size of the variable part of the inode and super_block in the structure that
describes general parameters of filesystem, the file_system_type struct.
This requires two new integer fields per filesystem type - it is hard to
imagine a more economical way to express this.

At filesystem registration time, an inode slab cache is created using the
filesystem type's specified size. No such cache is created for super_blocks
since they are relatively few in number. Instead, super blocks are
kmalloc'ed according to their specified size. (Factoid: kmalloc uses a
cascade of binary-sized slab caches internally.) In either case, the minimum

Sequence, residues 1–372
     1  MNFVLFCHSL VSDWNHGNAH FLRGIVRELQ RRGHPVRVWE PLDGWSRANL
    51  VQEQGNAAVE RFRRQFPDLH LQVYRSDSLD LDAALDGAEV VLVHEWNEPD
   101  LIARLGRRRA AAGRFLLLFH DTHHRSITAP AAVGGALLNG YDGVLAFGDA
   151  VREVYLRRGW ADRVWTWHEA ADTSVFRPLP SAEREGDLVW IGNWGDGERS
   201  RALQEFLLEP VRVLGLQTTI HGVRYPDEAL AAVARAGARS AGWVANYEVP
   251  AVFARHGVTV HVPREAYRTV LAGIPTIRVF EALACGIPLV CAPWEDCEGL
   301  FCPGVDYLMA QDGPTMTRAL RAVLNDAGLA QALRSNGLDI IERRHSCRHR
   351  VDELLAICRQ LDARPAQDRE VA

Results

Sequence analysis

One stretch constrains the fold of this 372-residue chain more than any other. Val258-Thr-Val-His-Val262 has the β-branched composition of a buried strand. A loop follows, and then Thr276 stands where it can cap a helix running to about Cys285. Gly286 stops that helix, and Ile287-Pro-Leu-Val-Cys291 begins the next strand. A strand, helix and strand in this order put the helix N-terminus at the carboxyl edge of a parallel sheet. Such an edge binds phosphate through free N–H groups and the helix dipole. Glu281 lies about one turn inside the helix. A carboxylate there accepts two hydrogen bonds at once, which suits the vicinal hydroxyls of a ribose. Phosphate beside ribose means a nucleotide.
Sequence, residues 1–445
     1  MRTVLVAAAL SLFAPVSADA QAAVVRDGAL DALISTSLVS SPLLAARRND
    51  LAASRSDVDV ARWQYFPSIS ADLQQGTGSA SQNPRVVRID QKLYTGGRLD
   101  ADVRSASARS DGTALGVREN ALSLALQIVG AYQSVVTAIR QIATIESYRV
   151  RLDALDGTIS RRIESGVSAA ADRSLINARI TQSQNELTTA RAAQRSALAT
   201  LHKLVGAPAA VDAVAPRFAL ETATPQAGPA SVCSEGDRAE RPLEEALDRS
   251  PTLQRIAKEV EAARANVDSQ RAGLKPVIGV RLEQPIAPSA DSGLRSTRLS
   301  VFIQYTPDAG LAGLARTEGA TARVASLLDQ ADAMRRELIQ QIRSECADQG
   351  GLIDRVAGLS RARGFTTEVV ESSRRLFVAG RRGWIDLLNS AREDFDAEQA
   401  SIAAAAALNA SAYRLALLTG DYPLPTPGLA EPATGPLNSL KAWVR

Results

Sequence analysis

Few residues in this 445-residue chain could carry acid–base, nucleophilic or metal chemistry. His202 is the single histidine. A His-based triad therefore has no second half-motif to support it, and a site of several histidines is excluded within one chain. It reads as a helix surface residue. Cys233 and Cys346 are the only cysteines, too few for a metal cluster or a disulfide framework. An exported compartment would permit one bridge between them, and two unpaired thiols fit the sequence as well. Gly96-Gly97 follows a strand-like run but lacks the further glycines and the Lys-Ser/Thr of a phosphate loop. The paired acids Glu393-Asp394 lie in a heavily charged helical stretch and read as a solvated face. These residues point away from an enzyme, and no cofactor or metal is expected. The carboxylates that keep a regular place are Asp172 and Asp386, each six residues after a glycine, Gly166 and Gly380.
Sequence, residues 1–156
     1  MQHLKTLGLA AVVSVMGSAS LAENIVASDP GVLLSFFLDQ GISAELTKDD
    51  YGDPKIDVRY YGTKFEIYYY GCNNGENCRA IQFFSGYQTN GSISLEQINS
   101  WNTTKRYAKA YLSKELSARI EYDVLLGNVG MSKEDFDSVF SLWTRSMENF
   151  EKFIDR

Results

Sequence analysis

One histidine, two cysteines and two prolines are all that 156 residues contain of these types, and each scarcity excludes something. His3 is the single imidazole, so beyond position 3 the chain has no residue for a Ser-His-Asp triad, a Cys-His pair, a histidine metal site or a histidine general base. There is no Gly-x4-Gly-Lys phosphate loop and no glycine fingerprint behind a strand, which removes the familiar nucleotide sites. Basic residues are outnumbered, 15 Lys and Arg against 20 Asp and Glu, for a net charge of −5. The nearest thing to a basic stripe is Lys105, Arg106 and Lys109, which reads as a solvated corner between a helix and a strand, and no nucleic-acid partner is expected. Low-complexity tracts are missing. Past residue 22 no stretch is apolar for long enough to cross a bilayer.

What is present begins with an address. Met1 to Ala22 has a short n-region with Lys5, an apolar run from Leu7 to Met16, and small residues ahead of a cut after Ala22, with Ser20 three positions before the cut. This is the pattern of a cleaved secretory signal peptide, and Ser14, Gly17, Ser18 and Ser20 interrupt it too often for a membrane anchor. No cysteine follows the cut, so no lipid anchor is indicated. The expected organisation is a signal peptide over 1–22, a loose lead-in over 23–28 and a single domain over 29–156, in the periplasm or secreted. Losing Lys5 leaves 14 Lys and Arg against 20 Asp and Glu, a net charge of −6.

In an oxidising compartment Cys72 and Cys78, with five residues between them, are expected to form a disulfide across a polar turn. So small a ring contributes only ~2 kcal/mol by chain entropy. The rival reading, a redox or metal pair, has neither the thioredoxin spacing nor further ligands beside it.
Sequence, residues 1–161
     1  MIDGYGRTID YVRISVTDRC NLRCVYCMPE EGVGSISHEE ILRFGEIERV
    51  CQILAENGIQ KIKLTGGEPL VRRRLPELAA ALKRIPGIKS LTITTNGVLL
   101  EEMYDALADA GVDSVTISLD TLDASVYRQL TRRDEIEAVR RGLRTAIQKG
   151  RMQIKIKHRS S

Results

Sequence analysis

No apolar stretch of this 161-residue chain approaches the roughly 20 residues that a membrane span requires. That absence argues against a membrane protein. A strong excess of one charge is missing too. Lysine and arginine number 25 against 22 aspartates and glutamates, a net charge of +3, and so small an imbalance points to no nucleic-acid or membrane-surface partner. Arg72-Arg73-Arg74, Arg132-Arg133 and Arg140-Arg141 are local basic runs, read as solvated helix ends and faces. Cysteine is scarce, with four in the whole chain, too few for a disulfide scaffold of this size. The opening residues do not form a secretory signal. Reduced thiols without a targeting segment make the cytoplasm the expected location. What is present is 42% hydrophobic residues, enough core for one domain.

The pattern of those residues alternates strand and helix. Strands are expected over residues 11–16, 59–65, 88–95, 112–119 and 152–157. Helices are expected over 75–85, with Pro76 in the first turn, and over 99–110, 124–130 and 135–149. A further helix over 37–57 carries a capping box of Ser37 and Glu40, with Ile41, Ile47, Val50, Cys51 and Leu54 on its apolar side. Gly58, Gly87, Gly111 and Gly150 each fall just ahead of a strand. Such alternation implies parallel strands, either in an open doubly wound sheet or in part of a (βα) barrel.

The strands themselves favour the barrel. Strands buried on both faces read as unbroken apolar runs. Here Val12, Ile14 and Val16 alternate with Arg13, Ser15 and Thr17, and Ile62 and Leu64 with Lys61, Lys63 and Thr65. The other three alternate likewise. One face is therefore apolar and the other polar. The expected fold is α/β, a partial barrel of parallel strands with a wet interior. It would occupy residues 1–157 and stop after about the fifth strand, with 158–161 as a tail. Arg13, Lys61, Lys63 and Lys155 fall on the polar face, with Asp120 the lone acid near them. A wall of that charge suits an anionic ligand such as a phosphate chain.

possible memory is used to cache the objects - the situation where all inodes
in the system had to be the same size as the largest inode is eliminated.
This satisfies goal (2) above.

If no size is specified for either the inode or super block private areas
then the objects are allocated in the traditional way. This provides
complete forward compatibility with existing filesystems and permits an
incremental approach to modifying all the filesystems currently in the Linux
tree, satisfying goals (3) and (4) above. As well, this allows filesystem
maintainers to implement the changes needed to use the new approach at a
convenient time and a convenient pace.

As for goals (4), (5) and (6), the extent to which they have been achieved is
for you to judge. My opinion is that they have been satisfied.

Where this is going
At this point, I will stop work on these patches (except for maintainance)
until a concensus is reached on the approach. Assuming that consensus is